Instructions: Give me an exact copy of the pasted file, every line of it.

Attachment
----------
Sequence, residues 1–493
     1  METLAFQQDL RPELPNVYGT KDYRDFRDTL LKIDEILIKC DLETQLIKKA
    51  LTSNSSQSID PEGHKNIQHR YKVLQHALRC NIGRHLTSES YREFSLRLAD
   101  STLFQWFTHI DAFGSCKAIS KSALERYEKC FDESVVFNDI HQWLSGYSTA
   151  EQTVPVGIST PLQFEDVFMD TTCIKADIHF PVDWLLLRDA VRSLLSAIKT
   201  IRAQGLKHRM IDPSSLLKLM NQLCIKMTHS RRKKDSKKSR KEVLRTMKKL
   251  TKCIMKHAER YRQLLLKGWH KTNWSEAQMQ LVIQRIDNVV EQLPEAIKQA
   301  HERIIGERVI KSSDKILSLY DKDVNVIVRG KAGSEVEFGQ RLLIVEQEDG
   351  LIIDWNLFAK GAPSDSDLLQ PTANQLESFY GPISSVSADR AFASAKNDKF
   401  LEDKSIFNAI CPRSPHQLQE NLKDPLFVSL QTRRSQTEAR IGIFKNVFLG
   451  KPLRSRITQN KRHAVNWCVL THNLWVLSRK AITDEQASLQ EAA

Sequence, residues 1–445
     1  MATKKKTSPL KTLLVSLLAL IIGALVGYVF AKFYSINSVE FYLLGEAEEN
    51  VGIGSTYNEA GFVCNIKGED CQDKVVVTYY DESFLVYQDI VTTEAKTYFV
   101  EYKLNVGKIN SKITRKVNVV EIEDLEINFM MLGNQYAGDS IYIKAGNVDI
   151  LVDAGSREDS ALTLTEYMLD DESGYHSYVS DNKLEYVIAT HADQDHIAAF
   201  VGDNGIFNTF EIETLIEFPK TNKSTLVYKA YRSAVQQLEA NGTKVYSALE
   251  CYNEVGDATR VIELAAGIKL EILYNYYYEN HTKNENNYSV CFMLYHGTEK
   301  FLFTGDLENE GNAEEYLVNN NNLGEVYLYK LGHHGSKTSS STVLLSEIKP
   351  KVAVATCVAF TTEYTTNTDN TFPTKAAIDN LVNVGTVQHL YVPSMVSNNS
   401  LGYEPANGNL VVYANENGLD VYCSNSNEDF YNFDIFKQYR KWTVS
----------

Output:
Sequence, residues 1–493
     1  METLAFQQDL RPELPNVYGT KDYRDFRDTL LKIDEILIKC DLETQLIKKA
    51  LTSNSSQSID PEGHKNIQHR YKVLQHALRC NIGRHLTSES YREFSLRLAD
   101  STLFQWFTHI DAFGSCKAIS KSALERYEKC FDESVVFNDI HQWLSGYSTA
   151  EQTVPVGIST PLQFEDVFMD TTCIKADIHF PVDWLLLRDA VRSLLSAIKT
   201  IRAQGLKHRM IDPSSLLKLM NQLCIKMTHS RRKKDSKKSR KEVLRTMKKL
   251  TKCIMKHAER YRQLLLKGWH KTNWSEAQMQ LVIQRIDNVV EQLPEAIKQA
   301  HERIIGERVI KSSDKILSLY DKDVNVIVRG KAGSEVEFGQ RLLIVEQEDG
   351  LIIDWNLFAK GAPSDSDLLQ PTANQLESFY GPISSVSADR AFASAKNDKF
   401  LEDKSIFNAI CPRSPHQLQE NLKDPLFVSL QTRRSQTEAR IGIFKNVFLG
   451  KPLRSRITQN KRHAVNWCVL THNLWVLSRK AITDEQASLQ EAA

Sequence, residues 1–445
     1  MATKKKTSPL KTLLVSLLAL IIGALVGYVF AKFYSINSVE FYLLGEAEEN
    51  VGIGSTYNEA GFVCNIKGED CQDKVVVTYY DESFLVYQDI VTTEAKTYFV
   101  EYKLNVGKIN SKITRKVNVV EIEDLEINFM MLGNQYAGDS IYIKAGNVDI
   151  LVDAGSREDS ALTLTEYMLD DESGYHSYVS DNKLEYVIAT HADQDHIAAF
   201  VGDNGIFNTF EIETLIEFPK TNKSTLVYKA YRSAVQQLEA NGTKVYSALE
   251  CYNEVGDATR VIELAAGIKL EILYNYYYEN HTKNENNYSV CFMLYHGTEK
   301  FLFTGDLENE GNAEEYLVNN NNLGEVYLYK LGHHGSKTSS STVLLSEIKP
   351  KVAVATCVAF TTEYTTNTDN TFPTKAAIDN LVNVGTVQHL YVPSMVSNNS
   401  LGYEPANGNL VVYANENGLD VYCSNSNEDF YNFDIFKQYR KWTVS